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gleaning


Dean has been talking about generous living lately.  He is much better at it than I am.  For one thing, he understands the concept of 'gleaning.'  This is related to a farming practice in which the farmer deliberately leaves a bit of the harvest out on the field for folks down on their luck to 'glean' or pick up in order to feed their families.  You find it figuring prominently in the biblical story of Ruth.  The basic principle is that we do not try to wring the last bit of value out of our resources, livelihoods, or transactions, but make sure we leave something behind for someone else.  Dean compares it to the contemporary practice of tipping in a restaurant. Leave something behind - something good and substantial - not just leftovers that are hardly worth scraping off the ground. 

Another place that I find myself thinking in terms of 'gleaning' is when I am selling or buying something that involves negotiation.  I always try to leave the other person with a sense of dignity, a sense of being treated fairly and generously.  My goal is not to score a great deal at the expense of another.  Instead, I aim for a situation where both parties feel they came away with a fair deal: win/win.  I know that I have often paid more than I really had to, but I think of the seller coming home to his family and saying, "Hey kids, today a lady paid me more money than usual for a pair of sunglasses, so ice cream for everyone!"  That possible scenario is worth more than a few dollars in my wallet.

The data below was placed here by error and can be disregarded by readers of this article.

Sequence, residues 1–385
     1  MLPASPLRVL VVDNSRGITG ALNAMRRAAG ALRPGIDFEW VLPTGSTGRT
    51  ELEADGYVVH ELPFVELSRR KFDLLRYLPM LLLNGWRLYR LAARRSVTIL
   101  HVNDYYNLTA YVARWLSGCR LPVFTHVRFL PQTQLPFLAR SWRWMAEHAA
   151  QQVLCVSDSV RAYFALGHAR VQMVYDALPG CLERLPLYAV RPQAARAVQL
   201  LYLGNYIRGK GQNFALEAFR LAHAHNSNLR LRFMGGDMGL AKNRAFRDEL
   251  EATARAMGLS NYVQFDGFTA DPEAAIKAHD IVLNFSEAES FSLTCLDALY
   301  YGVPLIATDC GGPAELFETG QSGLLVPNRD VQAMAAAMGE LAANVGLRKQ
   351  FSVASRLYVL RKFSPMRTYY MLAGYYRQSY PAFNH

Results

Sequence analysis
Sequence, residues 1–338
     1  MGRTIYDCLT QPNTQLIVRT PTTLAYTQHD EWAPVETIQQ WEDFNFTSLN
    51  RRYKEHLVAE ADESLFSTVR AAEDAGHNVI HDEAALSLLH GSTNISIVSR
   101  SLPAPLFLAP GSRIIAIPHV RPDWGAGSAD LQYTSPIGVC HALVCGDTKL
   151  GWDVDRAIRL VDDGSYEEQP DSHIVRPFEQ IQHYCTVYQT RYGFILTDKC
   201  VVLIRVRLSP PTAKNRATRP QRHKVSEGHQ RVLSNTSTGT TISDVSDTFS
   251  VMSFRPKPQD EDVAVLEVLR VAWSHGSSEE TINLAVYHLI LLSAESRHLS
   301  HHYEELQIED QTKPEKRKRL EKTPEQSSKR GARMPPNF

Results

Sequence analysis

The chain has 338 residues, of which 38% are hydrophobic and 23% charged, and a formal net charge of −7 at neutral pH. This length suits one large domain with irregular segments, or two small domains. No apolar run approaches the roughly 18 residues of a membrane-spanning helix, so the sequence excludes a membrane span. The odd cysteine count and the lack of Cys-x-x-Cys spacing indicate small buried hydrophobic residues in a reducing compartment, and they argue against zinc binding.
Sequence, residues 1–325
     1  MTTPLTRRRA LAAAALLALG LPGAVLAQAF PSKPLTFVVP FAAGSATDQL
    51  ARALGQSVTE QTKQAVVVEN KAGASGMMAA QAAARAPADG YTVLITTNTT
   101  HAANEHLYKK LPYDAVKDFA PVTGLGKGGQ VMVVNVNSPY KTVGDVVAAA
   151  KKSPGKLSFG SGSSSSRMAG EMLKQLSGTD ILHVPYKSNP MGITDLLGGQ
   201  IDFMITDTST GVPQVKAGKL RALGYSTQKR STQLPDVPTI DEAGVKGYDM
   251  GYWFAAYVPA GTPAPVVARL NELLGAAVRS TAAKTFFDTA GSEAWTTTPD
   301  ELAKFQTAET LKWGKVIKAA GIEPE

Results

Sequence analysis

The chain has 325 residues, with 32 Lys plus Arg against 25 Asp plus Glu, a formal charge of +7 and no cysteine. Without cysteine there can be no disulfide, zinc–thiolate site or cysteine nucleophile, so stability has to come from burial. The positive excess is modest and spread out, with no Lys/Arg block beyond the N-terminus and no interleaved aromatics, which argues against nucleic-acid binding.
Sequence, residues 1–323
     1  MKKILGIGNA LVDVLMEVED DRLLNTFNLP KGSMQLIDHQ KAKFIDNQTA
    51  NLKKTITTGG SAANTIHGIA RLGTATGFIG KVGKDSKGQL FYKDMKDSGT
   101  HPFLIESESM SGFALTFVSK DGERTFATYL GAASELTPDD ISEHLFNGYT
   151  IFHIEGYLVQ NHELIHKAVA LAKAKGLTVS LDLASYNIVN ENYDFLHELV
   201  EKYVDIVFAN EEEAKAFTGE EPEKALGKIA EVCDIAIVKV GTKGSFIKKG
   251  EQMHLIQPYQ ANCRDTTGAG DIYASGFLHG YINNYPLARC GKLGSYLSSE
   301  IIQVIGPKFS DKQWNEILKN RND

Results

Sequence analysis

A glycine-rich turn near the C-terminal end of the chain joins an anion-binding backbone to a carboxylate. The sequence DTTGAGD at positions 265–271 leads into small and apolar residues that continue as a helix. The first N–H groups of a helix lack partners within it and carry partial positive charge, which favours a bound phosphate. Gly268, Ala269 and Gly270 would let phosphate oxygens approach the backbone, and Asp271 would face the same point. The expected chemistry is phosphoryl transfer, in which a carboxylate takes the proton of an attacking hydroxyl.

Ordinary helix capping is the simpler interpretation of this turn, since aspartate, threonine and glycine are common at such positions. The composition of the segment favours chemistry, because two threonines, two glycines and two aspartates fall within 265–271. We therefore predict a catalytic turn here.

Time is another area in which I try to leave room for 'gleaning.'  This means that when I have a certain place to be at a certain time, I leave my home a few minutes early - enough time to spare so that I don't have to rush past a stranger asking for directions, or I can allow for a conversation with a friend I haven't seen in ages, or I can talk unhurriedly with the person behind the counter at the coffee shop.  Time is not mine to use to the last second; I need to leave some spaces in my day so that I can give time to others along the way.

Sharing is sometimes a challenge for me.  I tend to buy only enough food for myself and don't always think to share my snacks or drinks.  I don't always like to give up  my hard-won seat on the subway or let others go first in line, either, but I am learning.  When I do think to share, the gratitude on the faces of the recipients reminds me how much giving a little bit of what I have can mean to someone else.  Extra change, extra food, extra clothes, extra seats, extra tickets, extra time, extra space in my home, etc.  It doesn't take much to leave some of my 'extra' for others. 

I have certainly been the recipient of 'gleaning.'  Let me be a happy and conscientious 'gleanee" as well.

The photo:  a squirrel on my balcony this past weekend enjoying a green tomato left in the pot after I cleaned up my plants.

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